The 2018 Farm Bill requires a national 10 percent of mandatory program funding be targeted towards source water protection.  States will identify priority source water protection areas and may offer increased incentives and higher payment rates for practices that address water quality and/or water quantity.  

Beginning in 2020, States may provide increased payment rates for high-priority practices.  In consultations with the State Technical Committee, State Conservationists may designate up to 10 practices to be eligible for increased payments.  Eligible high-priority practices include those that address specific causes of ground or surface water impairment relating to excessive nutrients, address the conservation of water to advance drought mitigation and declining aquifers, meets other environmental priorities and other priority resource concerns identified in habitat or other area restoration plans, or is geographically targeted to address a natural resource concern in a specific watershed.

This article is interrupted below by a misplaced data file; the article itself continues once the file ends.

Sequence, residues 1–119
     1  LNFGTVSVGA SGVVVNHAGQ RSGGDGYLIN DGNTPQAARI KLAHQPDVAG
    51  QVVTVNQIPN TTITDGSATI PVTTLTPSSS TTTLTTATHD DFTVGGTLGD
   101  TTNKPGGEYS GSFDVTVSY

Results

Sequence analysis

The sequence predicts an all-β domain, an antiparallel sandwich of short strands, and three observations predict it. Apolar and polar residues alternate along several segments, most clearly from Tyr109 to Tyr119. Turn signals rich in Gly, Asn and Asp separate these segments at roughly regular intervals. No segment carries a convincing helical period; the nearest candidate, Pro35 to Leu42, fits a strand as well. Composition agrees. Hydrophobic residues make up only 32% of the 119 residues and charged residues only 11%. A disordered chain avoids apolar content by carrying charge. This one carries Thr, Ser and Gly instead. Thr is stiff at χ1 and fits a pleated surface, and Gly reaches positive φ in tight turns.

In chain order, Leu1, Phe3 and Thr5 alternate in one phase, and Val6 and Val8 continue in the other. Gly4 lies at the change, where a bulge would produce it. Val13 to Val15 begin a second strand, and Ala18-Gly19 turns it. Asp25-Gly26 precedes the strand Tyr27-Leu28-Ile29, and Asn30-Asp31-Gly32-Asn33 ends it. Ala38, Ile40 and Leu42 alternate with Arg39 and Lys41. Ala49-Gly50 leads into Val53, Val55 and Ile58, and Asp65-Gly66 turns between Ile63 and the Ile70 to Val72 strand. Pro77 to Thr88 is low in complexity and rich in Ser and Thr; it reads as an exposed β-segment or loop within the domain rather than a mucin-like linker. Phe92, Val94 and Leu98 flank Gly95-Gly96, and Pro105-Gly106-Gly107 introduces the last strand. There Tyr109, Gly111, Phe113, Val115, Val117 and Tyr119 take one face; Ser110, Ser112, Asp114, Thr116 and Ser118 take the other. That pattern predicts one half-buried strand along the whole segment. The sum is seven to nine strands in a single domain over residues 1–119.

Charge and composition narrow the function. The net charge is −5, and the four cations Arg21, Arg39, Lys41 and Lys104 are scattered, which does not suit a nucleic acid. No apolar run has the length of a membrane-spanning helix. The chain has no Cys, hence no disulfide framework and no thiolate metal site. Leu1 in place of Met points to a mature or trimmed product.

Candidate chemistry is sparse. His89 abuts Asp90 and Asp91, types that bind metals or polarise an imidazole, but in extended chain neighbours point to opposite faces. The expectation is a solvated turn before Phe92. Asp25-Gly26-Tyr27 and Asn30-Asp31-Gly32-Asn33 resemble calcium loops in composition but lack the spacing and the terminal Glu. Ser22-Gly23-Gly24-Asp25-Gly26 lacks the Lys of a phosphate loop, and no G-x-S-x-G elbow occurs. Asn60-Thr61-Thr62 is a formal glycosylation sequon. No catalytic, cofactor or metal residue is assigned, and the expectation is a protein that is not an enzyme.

For additional information and assistance, contact your local NRCS Field Service Center.